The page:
Albrecht Dürer: Representation of a syphilitic (1496)

Yassine Benhaddou on the role of indirect knowledge and its communication during pandemic crises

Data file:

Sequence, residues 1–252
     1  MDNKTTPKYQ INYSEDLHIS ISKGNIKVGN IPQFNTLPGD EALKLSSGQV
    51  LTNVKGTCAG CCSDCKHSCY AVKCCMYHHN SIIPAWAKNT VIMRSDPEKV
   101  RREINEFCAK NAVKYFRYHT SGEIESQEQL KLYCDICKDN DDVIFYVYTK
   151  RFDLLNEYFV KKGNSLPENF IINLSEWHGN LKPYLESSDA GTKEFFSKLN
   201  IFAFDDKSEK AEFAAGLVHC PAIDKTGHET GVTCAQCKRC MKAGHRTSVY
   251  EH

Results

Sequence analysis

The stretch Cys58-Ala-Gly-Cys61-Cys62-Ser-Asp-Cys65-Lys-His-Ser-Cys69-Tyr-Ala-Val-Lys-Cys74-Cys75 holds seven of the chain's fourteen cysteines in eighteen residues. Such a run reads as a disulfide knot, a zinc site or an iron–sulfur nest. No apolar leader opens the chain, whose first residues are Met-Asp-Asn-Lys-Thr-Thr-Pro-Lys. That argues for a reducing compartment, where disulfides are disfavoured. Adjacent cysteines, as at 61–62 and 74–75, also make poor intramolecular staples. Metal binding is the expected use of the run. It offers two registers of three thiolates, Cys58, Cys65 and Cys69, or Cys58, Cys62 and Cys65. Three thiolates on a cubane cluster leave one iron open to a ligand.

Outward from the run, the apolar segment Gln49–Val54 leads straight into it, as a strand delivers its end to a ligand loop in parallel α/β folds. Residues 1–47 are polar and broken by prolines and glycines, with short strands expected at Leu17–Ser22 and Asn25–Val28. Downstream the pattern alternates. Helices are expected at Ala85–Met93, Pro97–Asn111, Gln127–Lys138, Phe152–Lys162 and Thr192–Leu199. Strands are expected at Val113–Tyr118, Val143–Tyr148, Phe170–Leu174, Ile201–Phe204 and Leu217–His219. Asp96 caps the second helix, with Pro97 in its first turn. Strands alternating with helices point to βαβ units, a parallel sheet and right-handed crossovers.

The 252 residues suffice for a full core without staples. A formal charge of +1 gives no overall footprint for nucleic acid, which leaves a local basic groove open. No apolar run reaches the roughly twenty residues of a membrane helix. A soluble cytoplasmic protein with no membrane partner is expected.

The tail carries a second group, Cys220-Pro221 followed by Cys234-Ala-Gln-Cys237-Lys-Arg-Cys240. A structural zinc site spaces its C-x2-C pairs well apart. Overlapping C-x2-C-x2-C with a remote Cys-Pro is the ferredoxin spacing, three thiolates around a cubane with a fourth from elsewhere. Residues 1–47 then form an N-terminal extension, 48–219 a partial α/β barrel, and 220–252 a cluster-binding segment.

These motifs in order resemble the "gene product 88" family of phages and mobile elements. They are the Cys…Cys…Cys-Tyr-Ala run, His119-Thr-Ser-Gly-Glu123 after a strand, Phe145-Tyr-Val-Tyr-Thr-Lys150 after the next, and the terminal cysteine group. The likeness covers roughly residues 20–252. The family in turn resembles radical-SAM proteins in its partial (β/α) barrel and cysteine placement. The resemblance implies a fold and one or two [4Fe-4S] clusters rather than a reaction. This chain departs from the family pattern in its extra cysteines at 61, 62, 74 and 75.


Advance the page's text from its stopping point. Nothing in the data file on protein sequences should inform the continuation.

(on Tognotti, E. (2009). The Rise and Fall of Syphilis in Renaissance Europe. Journal of Medical Humanities, 30(2), 99–113)Indirect knowledge prevails in the public discourse about health and medicine, and what we have been confronted with lately with the Corona pandemic illustrates and affirms that. The point is that discourses do not propose new meanings, but rather reflect a political and social reality. A reality that suggests how knowledge consumption takes place. The validity and specificity of information is often ignored or lost on its way to the receiver, especially when social media dominates channels of communications. Tognotti’s text takes us back in time and employed a similar framework in his analysis as he identified indirect knowledge as a major flaw in the dominant literature about the evolution of Syphilis. He, a scholar and historian of epidemics, indirectly demonstrates the utility of history in rectifying knowledge.I chose to focus on ‘indirect knowledge’ because it occupies the current debates, and also to understand how global history could react or answer to this issue. I recognized three major relevant points in Tongnotti’s text which are the following:First, indirect knowledge translates into a lack of understanding to the severity and specificity of matters; therefore, hindering the efforts to comprehend and resolve phenomena. By resorting to what Tognotti refers to as ‘chronologically-ordered primary historical sources’, history comes to dismantle and dismiss the fabrications knowledge undergoes in its production processes. Primary accounts which history often relies on give us the possibility to read cause-effect relationships and trace matters to their beginnings.Second, actors and their mobility drive transformations. Navigating through the development of a disease into its different stages implies tracing who produces knowledge and where is it being produced. This systematically means redistributing agency. Since a disease as a unity of analysis or study does not escape social or political confinements, global history overlooks such constraints by addressing them.Third and last, chronology is important, and from what I learned last semester, periodization and time are at the center and core of constructing a global history work. In simple words, history means organization and structure in times of chaos. A close-to-accurate representation of reality can only happen when we place historical elements and events in their appropriate time frame.To draw a conclusion on the previous points, global history allows to distinguish and recognize long-term historical processes. By expanding frameworks of analyses, we find ourselves far from histories of singularity and therefore able to see links and continuities.I also recommend Tognotti’s new article on the TIME magazine titled: “I’m a Historian of Epidemics and Quarantine. Now I’m Living That History on Lockdown in Italy.”